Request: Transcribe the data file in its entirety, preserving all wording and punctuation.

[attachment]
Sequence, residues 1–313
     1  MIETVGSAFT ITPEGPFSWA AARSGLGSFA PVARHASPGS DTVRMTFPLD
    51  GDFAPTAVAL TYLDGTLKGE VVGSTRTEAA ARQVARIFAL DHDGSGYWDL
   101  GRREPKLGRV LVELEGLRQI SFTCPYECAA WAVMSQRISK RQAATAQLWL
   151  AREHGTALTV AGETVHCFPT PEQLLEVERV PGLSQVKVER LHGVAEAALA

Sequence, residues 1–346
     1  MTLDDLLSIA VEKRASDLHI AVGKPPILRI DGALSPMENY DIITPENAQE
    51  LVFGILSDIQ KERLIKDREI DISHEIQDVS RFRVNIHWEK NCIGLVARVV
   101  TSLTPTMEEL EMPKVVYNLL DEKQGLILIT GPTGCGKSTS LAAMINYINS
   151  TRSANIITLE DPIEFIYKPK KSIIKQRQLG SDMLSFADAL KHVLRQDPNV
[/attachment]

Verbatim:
Sequence, residues 1–313
     1  MIETVGSAFT ITPEGPFSWA AARSGLGSFA PVARHASPGS DTVRMTFPLD
    51  GDFAPTAVAL TYLDGTLKGE VVGSTRTEAA ARQVARIFAL DHDGSGYWDL
   101  GRREPKLGRV LVELEGLRQI SFTCPYECAA WAVMSQRISK RQAATAQLWL
   151  AREHGTALTV AGETVHCFPT PEQLLEVERV PGLSQVKVER LHGVAEAALA

Sequence, residues 1–346
     1  MTLDDLLSIA VEKRASDLHI AVGKPPILRI DGALSPMENY DIITPENAQE
    51  LVFGILSDIQ KERLIKDREI DISHEIQDVS RFRVNIHWEK NCIGLVARVV
   101  TSLTPTMEEL EMPKVVYNLL DEKQGLILIT GPTGCGKSTS LAAMINYINS
   151  TRSANIITLE DPIEFIYKPK KSIIKQRQLG SDMLSFADAL KHVLRQDPNV